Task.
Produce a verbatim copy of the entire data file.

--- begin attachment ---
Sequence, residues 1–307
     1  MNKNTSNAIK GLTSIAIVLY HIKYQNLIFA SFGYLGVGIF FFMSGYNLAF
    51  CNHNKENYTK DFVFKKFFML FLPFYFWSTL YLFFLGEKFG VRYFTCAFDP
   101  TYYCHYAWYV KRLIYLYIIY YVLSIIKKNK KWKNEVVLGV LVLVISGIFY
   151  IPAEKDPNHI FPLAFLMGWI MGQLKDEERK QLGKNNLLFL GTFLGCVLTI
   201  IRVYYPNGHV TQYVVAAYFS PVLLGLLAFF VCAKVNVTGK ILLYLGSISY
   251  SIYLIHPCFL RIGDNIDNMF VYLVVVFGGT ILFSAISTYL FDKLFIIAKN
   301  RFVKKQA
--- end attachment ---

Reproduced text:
Sequence, residues 1–307
     1  MNKNTSNAIK GLTSIAIVLY HIKYQNLIFA SFGYLGVGIF FFMSGYNLAF
    51  CNHNKENYTK DFVFKKFFML FLPFYFWSTL YLFFLGEKFG VRYFTCAFDP
   101  TYYCHYAWYV KRLIYLYIIY YVLSIIKKNK KWKNEVVLGV LVLVISGIFY
   151  IPAEKDPNHI FPLAFLMGWI MGQLKDEERK QLGKNNLLFL GTFLGCVLTI
   201  IRVYYPNGHV TQYVVAAYFS PVLLGLLAFF VCAKVNVTGK ILLYLGSISY
   251  SIYLIHPCFL RIGDNIDNMF VYLVVVFGGT ILFSAISTYL FDKLFIIAKN
   301  RFVKKQA